344.56 Splices and Taps. Splices and taps shall be made in accordance with 300.15. 344.60 Grounding. RMC shall be permitted as an equipment grounding conductor.

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II. Installation 348.10 Uses Permitted. FMC shall be permitted to be used in exposed and concealed locations. 348.12 Uses Not Permitted. FMC shall not be used in the following: (1) In wet locations unless the conductors are approved for the specific conditions and the installation is such that liquid is not likely to enter raceways or enclosures to which the conduit is connected (2) In hoistways, other than as permitted in 620.21(A)(1) (3) In storage battery rooms (4) In any hazardous (classified) location other than as permitted in 501.4(B) and 504.20 (5) Where exposed to materials having a deteriorating effect on the installed conductors, such as oil or gasoline (6) Underground or embedded in poured concrete or aggregate (7) Where subject to physical damage

III. Construction Specifications

348.20 Size.

344.120 Marking. Each length shall be clearly and durably identified in every 3 m (10 ft) as required in the first sentence of 110.21. Nonferrous conduit of corrosionresistant material shall have suitable markings.

(A) Minimum. FMC less than metric designator 16 (trade size 1⁄2) shall not be used unless permitted in 348.20(A)(1) through (5) for metric designator 12 (trade size 3⁄8).

344.130 Standard Lengths. The standard length of RMC shall be 3.05 m (10 ft), including an attached coupling, and each end shall be threaded. Longer or shorter lengths with or without coupling and threaded or unthreaded shall be permitted.

ARTICLE 348 Flexible Metal Conduit: Type FMC I. General 348.1 Scope. This article covers the use, installation, and construction specifications for flexible metal conduit (FMC) and associated fittings. 348.2 Definition. Flexible Metal Conduit (FMC). A raceway of circular cross section made of helically wound, formed, interlocked metal strip. 348.6 Listing Requirements. FMC and associated fittings shall be listed.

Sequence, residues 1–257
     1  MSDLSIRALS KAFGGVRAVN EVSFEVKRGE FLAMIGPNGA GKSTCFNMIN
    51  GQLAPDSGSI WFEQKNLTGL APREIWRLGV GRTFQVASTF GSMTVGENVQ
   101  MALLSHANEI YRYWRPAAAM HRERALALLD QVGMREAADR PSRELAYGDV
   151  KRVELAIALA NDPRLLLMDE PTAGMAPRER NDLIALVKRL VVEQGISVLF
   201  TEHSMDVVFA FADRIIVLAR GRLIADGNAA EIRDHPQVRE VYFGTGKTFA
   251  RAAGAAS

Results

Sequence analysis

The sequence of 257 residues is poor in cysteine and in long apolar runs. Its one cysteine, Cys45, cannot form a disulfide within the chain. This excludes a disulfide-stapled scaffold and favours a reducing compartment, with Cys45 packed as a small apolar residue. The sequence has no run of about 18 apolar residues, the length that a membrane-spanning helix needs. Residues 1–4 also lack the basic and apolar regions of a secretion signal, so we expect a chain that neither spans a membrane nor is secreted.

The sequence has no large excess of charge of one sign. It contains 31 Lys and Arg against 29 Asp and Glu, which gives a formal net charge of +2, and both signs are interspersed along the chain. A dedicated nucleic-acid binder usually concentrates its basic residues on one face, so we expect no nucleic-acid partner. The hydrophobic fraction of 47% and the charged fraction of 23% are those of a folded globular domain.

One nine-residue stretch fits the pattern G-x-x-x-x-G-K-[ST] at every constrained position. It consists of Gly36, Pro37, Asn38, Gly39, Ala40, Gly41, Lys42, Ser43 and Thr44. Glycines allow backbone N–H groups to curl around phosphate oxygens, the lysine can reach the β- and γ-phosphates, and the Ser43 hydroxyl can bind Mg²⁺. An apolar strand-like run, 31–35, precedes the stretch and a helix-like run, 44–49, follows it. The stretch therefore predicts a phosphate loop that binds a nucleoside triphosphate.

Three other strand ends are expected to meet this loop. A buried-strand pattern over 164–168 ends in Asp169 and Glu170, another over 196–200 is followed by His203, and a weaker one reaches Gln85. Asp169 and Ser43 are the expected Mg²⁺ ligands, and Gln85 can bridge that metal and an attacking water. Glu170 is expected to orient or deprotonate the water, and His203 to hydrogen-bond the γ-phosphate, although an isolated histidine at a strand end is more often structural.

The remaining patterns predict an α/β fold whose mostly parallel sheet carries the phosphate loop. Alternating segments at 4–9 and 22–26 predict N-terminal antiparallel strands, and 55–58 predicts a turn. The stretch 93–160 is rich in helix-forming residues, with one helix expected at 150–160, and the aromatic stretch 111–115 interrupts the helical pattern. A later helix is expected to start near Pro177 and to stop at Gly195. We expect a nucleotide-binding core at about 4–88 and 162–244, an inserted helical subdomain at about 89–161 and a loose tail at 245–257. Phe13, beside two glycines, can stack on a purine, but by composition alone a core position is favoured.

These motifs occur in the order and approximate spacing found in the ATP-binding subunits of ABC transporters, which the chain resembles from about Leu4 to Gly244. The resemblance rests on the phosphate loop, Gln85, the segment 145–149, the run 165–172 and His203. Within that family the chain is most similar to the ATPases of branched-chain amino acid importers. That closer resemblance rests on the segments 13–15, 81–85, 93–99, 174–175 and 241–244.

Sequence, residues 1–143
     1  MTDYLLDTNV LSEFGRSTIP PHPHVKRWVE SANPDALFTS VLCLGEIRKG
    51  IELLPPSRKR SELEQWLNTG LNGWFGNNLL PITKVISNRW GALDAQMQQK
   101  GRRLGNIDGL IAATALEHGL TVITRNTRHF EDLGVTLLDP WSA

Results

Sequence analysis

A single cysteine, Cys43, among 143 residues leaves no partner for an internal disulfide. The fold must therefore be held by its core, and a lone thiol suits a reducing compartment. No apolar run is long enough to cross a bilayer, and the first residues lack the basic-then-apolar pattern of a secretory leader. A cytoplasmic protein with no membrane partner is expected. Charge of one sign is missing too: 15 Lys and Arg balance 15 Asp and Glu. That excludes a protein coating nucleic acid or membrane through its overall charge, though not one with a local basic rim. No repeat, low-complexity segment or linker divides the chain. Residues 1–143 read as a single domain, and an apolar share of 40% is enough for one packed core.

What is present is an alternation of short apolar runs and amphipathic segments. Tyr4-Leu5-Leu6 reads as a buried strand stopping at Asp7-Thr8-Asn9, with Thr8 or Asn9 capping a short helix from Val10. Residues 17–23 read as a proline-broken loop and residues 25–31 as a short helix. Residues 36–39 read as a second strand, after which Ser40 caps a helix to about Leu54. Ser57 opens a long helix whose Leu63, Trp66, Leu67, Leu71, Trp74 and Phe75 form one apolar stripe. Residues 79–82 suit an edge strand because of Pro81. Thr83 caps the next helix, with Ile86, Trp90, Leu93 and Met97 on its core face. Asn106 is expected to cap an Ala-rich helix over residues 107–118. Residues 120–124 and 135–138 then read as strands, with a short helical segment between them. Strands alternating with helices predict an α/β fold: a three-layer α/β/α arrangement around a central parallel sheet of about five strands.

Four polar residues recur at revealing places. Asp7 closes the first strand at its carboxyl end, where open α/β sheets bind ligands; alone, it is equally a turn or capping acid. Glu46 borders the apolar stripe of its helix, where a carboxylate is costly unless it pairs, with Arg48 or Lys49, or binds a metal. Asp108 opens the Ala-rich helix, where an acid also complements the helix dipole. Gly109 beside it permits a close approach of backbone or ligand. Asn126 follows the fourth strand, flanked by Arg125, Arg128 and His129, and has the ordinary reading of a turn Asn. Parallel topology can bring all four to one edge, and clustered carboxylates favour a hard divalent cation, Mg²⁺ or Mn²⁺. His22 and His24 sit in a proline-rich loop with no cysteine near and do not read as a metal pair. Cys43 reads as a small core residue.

NATIONAL ELECTRICAL CODE

(1) For enclosing the leads of motors as permitted in 430.145(B) (2) In lengths not in excess of 1.8 m (6 ft) for any of the following uses: a. For utilization equipment b. As part of a listed assembly c. For tap connections to luminaires (lighting fixtures) as permitted in 410.67(C) (3) For manufactured wiring systems as permitted in 604.6(A) (4) In hoistways as permitted in 620.21(A)(1) (5) As part of a listed assembly to connect wired luminaire (fixture) sections as permitted in 410.77(C) (B) Maximum. FMC larger than metric designator 103 (trade size 4) shall not be used. FPN: See 300.1(C) for the metric designators and trade sizes. These are for identification purposes only and do not relate to actual dimensions.